It’s rare that someone uses a double-neck guitar as often as you do. Are there certain sounds you find yourself drawn to in using it?

I fell in love with my double-neck guitar when I first saw it at Doc Holiday’s pawn shop in Austin. I decided to put it on layaway to purchase it and that I’d figure out what to do with it later. The first time I ever used it at a live show, I layed it flat on a keyboard stand and dropped a heavy metal chain onto it over and over again. Later, I decided that bowing it was maybe a better use of the instrument. I like that the two necks allow me to setup multiple tunings and that I can have two ebows going at the same time, but lately I’ve actually been using my Jaguar for writing new pieces. When I did some touring earlier in the year in Europe and Scandinavia with Noveller, I realized that there was no way I could travel with both my double-neck and pedal case, so I started modifying my setup with travel efficiency in mind.

Has your ‘travel efficiency’ affected the way you compose new material? I imagine as exhausting as touring can be it also provides some creative influence.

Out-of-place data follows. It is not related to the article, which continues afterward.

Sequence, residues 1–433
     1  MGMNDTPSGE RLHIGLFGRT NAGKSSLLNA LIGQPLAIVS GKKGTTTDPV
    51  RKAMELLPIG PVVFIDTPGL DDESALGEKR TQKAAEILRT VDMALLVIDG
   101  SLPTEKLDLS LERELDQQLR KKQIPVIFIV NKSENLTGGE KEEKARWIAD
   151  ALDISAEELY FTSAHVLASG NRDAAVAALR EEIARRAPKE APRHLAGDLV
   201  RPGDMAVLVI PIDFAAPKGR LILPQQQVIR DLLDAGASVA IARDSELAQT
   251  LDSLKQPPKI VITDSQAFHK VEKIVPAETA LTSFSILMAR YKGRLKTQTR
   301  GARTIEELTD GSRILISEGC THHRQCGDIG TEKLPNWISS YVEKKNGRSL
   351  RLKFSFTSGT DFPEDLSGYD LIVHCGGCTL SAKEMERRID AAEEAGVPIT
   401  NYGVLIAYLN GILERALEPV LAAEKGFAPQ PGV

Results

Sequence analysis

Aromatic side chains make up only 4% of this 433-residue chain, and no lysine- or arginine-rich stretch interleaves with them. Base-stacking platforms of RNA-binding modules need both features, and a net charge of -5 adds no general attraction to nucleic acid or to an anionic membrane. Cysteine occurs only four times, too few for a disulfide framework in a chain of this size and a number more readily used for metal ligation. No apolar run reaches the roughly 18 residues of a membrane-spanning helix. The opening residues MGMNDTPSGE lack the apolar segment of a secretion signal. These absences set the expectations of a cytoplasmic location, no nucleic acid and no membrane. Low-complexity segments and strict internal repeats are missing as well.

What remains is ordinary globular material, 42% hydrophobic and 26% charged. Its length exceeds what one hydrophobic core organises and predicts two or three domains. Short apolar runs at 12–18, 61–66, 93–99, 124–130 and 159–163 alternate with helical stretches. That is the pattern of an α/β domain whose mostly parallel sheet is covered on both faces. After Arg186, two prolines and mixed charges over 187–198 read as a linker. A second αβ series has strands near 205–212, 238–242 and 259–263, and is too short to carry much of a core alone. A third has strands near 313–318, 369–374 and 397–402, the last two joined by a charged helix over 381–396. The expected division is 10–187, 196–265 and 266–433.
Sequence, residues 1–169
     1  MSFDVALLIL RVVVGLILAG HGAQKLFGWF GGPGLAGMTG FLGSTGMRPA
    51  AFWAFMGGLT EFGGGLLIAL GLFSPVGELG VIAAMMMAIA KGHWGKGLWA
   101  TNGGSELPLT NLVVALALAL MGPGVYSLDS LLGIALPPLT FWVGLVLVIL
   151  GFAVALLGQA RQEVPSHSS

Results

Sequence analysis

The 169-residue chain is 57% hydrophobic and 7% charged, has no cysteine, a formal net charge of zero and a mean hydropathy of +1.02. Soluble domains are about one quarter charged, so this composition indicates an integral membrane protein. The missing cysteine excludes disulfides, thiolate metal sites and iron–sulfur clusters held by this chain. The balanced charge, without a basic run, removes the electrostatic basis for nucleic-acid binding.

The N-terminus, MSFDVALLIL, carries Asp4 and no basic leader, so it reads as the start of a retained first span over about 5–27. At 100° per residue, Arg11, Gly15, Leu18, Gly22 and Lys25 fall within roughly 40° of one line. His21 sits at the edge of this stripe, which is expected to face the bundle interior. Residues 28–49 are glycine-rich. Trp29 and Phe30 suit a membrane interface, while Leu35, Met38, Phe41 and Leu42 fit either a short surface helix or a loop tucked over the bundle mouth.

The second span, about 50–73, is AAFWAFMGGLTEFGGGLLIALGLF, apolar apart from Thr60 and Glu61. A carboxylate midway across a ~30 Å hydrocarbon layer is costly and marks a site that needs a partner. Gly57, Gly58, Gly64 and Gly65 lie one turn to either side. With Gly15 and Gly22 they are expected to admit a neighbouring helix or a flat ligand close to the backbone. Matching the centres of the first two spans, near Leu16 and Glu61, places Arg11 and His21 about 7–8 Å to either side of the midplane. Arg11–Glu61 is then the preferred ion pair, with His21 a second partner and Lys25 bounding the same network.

Yes, it definitely has. I recently bought a new compact tremolo pedal to bring on tour in place of my substantially larger Moog ring modulator (which I was using for tremolo), and found myself coming up with an entirely new arrangement of my track “Rainbows.” The new tremolo sounded really different, so I starting working with its sound and this new piece emerged. With new material, I’ve been trying to work with my setup at its most minimal and challenging myself to find new ways to use my tools.

How many pedals do you use? Any particular favorite(s)?

My current setup includes 12 pedals. As flawed as it is, I couldn’t play without my Line 6 DL4 pedal. It’s how I create my loops and other trickery.

Is there a lot of trial and error involved in working on guitar and pedal set-ups?

Definitely. It took me an embarrassingly long time to figure out that I could play my track “Rainbows” live with ease if I put the tremolo pedal last and processed the backing loop and everything else through it, as opposed to having the tremolo before the looping pedal and trying to time the loop with the oscillations.